In the vast majority of cases it should be relatively straightforward to
identify the deceased who will be known to and identifiable by a close
relative. The deceased’s family may wish to nominate someone other than
the direct next of kin to identify the deceased and this is permissible
provided the officer is satisfied the identifier was sufficiently acquainted
with the deceased. Identification of a loved one is a traumatic experience
and officers should conduct the exercise with regard to that fact. In every
case the process should be explained and any injuries that may cause distress
should be discussed in advance. It is essential that the identifier is absolutely
certain regarding the identity. If any doubts are expressed these should be
brought to the Coroner’s attention.
Where a visual identification is impossible either due to the condition of the
deceased’s body or the unavailability of a suitable identifier, the police must
alert the Coroner who will consider alternative methods after discussion with
the pathologist. The Coroner will base identity on one primary identifier
such as fingerprints, dental examination or DNA or more than one secondary
20
identifier such as scars, marks, tattoos, jewellery, personal belongings,
clothing and unique physical characteristics.
Even where more than one person has died in a single but commonplace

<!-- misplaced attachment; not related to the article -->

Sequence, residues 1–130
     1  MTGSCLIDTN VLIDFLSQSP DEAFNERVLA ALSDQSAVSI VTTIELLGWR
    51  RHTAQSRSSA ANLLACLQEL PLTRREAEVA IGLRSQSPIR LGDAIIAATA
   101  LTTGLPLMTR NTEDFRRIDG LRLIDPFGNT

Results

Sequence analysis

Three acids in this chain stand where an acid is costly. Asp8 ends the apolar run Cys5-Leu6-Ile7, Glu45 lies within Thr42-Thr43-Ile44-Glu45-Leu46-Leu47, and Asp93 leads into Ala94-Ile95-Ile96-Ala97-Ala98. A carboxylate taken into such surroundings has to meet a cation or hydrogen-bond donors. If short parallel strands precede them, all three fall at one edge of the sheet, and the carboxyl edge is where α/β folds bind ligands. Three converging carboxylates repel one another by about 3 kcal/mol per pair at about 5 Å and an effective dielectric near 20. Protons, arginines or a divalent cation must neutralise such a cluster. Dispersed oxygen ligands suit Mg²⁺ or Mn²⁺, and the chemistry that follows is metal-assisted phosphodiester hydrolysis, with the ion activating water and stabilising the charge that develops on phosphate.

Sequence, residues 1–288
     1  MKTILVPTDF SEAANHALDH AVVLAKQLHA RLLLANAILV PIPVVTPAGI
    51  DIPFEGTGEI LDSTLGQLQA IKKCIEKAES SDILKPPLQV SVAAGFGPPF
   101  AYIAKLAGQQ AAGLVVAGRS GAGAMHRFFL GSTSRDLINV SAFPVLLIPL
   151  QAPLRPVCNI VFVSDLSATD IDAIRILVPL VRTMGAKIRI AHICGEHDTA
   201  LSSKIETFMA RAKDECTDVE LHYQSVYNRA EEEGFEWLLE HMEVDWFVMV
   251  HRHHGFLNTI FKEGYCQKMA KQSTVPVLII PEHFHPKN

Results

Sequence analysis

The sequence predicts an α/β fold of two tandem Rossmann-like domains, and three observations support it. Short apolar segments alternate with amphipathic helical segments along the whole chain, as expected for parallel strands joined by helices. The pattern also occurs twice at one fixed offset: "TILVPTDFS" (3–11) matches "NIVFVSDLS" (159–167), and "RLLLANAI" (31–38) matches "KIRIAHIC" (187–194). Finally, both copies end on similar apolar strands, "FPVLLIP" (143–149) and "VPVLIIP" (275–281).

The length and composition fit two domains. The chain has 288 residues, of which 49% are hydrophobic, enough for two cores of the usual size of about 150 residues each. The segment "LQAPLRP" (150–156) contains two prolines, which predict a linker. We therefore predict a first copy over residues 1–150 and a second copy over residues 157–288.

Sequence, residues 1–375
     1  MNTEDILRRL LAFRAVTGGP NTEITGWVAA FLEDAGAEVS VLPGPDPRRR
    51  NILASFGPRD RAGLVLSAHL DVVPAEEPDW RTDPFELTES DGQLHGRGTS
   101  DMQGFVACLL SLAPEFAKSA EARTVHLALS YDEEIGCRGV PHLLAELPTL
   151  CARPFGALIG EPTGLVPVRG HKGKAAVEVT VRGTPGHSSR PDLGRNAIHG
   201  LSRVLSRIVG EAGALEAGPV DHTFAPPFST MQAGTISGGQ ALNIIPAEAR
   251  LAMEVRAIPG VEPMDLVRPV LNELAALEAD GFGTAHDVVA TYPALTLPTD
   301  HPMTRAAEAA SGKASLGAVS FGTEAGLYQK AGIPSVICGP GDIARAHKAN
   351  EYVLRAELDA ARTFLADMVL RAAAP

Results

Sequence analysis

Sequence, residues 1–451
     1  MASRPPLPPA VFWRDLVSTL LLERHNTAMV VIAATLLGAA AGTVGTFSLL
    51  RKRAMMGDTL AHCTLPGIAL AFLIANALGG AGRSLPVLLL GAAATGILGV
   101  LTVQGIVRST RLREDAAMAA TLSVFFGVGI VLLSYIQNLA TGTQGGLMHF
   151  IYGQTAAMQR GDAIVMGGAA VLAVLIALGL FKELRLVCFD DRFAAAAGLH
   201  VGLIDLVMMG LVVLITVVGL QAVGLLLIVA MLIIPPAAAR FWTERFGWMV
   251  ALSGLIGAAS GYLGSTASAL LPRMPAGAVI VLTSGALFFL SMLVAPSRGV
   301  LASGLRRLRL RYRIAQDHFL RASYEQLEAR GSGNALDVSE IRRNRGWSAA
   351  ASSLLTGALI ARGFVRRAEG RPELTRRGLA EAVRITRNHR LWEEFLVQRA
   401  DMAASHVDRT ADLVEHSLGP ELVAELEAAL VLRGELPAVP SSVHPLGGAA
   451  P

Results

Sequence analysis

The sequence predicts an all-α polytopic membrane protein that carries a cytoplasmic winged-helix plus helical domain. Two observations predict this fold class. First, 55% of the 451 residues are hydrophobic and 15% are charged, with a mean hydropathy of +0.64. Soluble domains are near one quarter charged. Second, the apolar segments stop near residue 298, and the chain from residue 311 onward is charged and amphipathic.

incident it may still be possible to rely on visual identification for those who
are readily recognizable. Where it is not possible the police must consider
alternative methods. In cases involving multiple deaths families should be
informed that their loved ones may not be released for burial by the Coroner
until all involved have been positively identified by one means or another,
or, alternatively, an individual’s identity has been incontrovertibly
established by scientific means.
In the event of a mass disaster entailing multiple deaths it is imperative that
police adhere to the guidance issued by the Police Service for Northern
Ireland.
Should difficulties arise at any stage of an investigation into identity the
officer may contact the Coroners Service for further guidance.
21
Doctors and Northern Ireland Ambulance Service (NIAS)
(General Introduction)
Doctors should also refer to the General Medical Councils guidance ‘Good
Medical Practice’ at www.gmc-uk.org and the Dept of Health, Social Services
and Public Safety publication ‘Guidance on Death, Stillbirth and Cremation
Certification” which includes in detail when and how to contact the Coroner,
Extra-Statutory lists of diagnoses which should be referred to the Coroner
and a sample pro-forma that may be printed and copied.
www.dhsspsni.gov.uk
What deaths need to be reported – the legal duty
There is a general requirement under Section 7 of the Coroners Act
(Northern Ireland) 1959 to report a death to the Coroner if it resulted,
directly or indirectly, from any cause other than natural illness or disease for
which the deceased had been seen and treated within 28 days of death.
The duty to report arises if a medical practitioner has reason to believe that
the deceased died directly or indirectly as a result of;
Violence
Misadventure
Unfair means
Negligence
Misconduct
Malpractice
Natural illness or disease if not seen and treated for it by a doctor within 28
days prior to death
Administration of an anaesthetic
Unexpected death in infancy (SUDI)
Quite apart from the statutory duty to report doctors have a recognised